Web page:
Amber Hyland, public relations and communications manager for NSO, helps assemble a jigsaw puzzle with Miss Mickey, a longtime resident at Palo Duro, in the building’s spacious activity room. Neighborhood Services Organization. The nonprofit operates a dental clinic, a WIC clinic, housing for homeless mentally ill and transitional housing for homeless among other things. Oct. 4, 2018. Photo by Jim Beckel, The Oklahoman

In the Oklahoman:

by MELISSA HOWELL

Published: Mon, November 12, 2018 5:00 AM
Original story here: https://newsok.com/article/5614481/needs-deeds-century-old-nonprofit-looks-to-serve-vulnerable-communities

It’s been called the granddaddy of Oklahoma City nonprofits.

And even though Neighborhood Services Organization is not quite the oldest local charity, it quietly has provided aid to overlooked and impoverished populations for almost 100 years.

It also has served as an incubator for numerous other nonprofits that trace their roots back to NSO including the Regional Food Bank, Latino Community Development Center, the Detox Center, Mobile Meals and Positive Tomorrows school for homeless children, said Stacey Ninness, NSO’s president and CEO.

“We’ve always served people where services haven’t been provided. Our mission has always been in serving the most critical needs here in Oklahoma City, and always wanting to serve the most vulnerable populations,” she said.

Besides a brand-new, low-cost dental clinic located in NSO headquarters at 431 SW 11, the nonprofit operates the state’s largest independent Women, Infants and Children, or WIC, clinic serving 54,000 in 2017.

NSO also offers transitional housing for up to two years for homeless pregnant women, homeless families with multiple children and young men who are 18 to 23 years of age through its Martha’s House, Gatewood and Carolyn Williams Center housing units.

“We are always full,” Ninness said. “We turn away about 300 moms per year.”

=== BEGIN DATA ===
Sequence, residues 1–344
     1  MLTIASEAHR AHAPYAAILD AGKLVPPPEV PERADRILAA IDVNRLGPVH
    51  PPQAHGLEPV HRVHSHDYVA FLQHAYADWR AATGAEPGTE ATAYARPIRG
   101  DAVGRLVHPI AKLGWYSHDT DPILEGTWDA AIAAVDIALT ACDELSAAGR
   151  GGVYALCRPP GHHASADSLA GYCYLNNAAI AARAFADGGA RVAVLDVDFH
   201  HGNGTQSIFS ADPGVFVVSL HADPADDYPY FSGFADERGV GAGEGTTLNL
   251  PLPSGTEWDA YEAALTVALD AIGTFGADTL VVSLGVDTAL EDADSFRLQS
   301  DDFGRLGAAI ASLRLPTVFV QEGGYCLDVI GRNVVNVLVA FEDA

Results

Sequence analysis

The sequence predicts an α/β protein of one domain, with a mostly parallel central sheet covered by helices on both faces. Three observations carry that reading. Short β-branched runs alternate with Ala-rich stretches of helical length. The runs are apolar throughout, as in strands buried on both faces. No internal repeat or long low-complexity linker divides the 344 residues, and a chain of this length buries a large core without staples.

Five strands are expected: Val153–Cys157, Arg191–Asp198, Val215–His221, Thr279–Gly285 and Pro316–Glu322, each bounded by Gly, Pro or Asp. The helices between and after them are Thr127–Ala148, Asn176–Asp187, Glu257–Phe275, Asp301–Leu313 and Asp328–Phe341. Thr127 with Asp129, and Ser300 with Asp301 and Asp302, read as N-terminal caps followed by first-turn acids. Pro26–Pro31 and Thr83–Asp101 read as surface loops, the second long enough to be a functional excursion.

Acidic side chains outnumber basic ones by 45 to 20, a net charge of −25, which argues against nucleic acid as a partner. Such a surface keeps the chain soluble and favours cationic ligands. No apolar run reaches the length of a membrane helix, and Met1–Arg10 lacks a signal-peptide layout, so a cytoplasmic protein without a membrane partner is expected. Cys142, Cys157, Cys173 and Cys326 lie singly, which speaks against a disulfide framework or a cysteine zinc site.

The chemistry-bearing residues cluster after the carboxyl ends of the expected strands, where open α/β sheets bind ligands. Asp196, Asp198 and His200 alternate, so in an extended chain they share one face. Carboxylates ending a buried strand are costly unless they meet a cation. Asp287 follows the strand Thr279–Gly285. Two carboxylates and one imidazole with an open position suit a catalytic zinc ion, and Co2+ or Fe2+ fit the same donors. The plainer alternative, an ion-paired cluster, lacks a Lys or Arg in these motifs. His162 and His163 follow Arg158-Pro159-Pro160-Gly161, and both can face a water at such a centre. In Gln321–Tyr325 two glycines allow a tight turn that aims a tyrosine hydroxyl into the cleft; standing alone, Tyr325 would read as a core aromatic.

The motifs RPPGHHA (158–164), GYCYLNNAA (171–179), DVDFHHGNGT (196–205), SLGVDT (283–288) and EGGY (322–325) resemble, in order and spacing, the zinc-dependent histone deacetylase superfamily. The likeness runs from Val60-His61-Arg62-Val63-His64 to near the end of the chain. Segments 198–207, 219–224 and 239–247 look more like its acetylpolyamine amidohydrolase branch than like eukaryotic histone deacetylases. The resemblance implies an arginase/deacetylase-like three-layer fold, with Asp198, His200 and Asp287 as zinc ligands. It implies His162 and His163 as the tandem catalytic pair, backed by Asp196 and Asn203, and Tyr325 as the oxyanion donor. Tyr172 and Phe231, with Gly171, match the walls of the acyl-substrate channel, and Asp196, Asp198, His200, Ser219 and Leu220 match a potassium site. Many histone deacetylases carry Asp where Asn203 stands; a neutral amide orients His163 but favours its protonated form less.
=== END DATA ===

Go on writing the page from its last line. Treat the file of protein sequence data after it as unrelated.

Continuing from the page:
And through its Palo Duro program, NSO provides 36 apartments for homeless, single adults with a mental illness. The housing is permanent, and many residents have lived there for more than a decade.

“This is my home,” said “Miss Mickey,” a longtime resident at Palo Duro. “This is my family. We watch TV together. People like to come to my apartment for coffee in the morning. It’s just wonderful.”

Serving the most vulnerable

NSO was founded in 1920 by a handful of Methodist women who were concerned about impoverished, often immigrant families living in the Riverside neighborhood south of downtown.

Initially, it was called the Wesley Community House, and it “had its own 1,400-volume public library, a music department for 25 children, choirs, Blue Bird and Camp Fire clubs for girls, a mothers’ club, literacy and citizenship classes and numerous activities for children and youth that kept them safe,” according to the NSO website.

In 1946, the group founded a second location in northeast Oklahoma City called the Bethlehem Center, which served the primarily African-American neighborhoods with similar programs for children, families and the elderly.

For the next two decades, Wesley Community House and Bethlehem Center thrived. However, in 1969, the two facilities merged with Neighborhood Centers, a nonprofit with several locations, and the organization became Neighborhood Services Organization.

As for the next 100 years, Ninness said she sees all of the NSO programs expanding.

“We’ve been here 100 years, but we’re just scratching the surface as we plan for the future,” Ninness said. “We try to serve where no else is serving. We’re collaborative, we’re innovative. I can only imagine when the next century will bring for NSO.”